Again, why take the risk? Why not move to states less hostile to our families?

  3. Terrance, let’s be serious here. First of all, your “gay exodus” theme is pretty anecdotal. Besides, even if I assume there are homosexual couples fleeing Virginia in droves, it doesn’t make them any more sensible, or your legal arguments more plausible. It just means that you (or rather, those putting forth views like yours) have scared them.

    The lack of any similar cases being brought suggests that such a case isn’t particularly tenable, not that ‘oh my god, it might happen.’ Secondly, this entire argument isn’t here because judges or legal academics think there are doctrinal reasons to support this particular textual interpretation. It’s here because while Virginians might support a DOMA, and even an attempt to prevent a Vermont style imposition of civil unions, they’re not in favor of overruling private contractual arrangements. Characterizing the act as such makes it less likely to pass. It’s a bogus legal argument in aid of affecting people at the polls.

    That’s the reason I asked you to craft language for a Virginian act that would take the private contractual argument off the table. Not because you’d do it, but because it’s impossible. This argument gets raised in every DOMA fight, simply because while it’s legally ridiculous, it’s politically effective. The same scare story would be going around if the second sentence of Virginia’s amendment didn’t exist. And it’s why articles such as this one find that gay marriage advocates interpret the law much more expansively than, say, law professors (who point to limitations from the Contracts Clause, for instance, or point to how the law is likely to interact).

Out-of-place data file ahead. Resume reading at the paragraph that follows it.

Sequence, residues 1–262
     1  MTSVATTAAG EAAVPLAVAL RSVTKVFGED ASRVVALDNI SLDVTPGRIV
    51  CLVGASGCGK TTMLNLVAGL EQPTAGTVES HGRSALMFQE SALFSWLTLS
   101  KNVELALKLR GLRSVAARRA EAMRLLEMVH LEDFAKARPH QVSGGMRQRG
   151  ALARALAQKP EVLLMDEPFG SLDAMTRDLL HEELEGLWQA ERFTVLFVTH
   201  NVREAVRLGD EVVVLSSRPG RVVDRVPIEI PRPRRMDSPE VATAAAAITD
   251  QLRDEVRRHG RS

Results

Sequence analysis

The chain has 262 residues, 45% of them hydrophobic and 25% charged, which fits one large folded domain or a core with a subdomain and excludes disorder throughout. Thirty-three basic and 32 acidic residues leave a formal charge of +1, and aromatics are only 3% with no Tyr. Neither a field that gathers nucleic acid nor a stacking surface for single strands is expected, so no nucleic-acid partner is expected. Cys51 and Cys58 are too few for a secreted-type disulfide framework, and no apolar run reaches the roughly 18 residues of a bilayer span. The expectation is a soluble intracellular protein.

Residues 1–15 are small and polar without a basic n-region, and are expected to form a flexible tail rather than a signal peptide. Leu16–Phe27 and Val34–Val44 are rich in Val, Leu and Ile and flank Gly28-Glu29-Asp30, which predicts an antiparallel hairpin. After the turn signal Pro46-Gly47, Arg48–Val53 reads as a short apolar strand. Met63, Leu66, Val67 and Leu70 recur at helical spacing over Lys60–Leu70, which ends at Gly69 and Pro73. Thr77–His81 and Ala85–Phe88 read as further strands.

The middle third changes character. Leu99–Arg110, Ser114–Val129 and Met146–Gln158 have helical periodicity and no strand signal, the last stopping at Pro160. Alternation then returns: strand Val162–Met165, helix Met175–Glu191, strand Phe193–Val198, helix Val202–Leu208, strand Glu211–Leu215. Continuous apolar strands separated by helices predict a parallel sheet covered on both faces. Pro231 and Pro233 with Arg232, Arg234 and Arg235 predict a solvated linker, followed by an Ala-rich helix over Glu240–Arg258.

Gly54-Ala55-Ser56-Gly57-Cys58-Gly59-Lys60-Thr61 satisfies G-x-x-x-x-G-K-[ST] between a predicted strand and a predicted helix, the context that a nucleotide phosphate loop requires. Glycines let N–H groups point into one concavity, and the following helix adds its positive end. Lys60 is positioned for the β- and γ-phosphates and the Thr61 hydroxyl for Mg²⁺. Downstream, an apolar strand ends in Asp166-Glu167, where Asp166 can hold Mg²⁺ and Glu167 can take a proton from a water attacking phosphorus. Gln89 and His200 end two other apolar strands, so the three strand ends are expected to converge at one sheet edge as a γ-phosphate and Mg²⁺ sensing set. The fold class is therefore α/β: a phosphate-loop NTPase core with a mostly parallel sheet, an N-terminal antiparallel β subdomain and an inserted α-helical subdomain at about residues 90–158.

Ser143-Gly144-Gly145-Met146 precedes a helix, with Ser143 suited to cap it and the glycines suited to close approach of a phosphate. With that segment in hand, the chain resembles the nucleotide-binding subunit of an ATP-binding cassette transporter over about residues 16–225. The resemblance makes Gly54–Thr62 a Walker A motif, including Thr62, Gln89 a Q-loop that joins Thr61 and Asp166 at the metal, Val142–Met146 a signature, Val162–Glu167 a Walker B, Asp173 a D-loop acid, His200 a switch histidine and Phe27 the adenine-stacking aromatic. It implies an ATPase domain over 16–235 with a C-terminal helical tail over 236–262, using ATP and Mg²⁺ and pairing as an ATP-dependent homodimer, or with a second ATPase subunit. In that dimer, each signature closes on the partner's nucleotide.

This is one reason that I have such a hard time fellow-travelling with gay rights activists. At least with religious advocates, I can see a premise one can honestly believe (“homosexuality is a sin”) and positions drawn from it. I may disagree with them–indeed, I do passionately–but it’s an honest argument one can honestly make. The standard for DOMA opponents, however, seems to be “let’s throw whatever garbage we can against the wall and see what sticks. If we can call some decent people bigots while we’re at it, all the better.” There’s no way to really argue against that. You’re right: I can’t prove that no judge would follow your interpretation. (Though even in more conservative Alabama, Roy Moore gets overturned.) I can’t prove that tomorrow the moon won’t get hit by a meteor and Three Moons Over Milford will become an eerily prescient docudrama, either. All I can do is point out that the odds of either are vanishingly small.

    It would at least be decent of you to admit that (a) you can’t put forward a decent legal argument for why the language at issue would be treated in the way you’re proposing, and (b) it’s incredibly politically convienient for your side–which doesn’t want the civil union ban at all–to present the language as posing a risk to private contracts. If I were reporting that people were being scared away from my state, I’d at least want to consider whether they were being scared away for good reason, or just as fallout from a bad political season.

  4. so, if i am reading this bill right… they are banning merry (happy) marriages… there is no reference to homosexuals… it’s saying if i am not legally wed by the state of wisconsin and i live here and am married in the presence of god my marriage is not valid… i believe that if i am married by god i hold this more valid then a piece of paper that certifies me of it, so in actuality they dont recognize a mans commitment to god…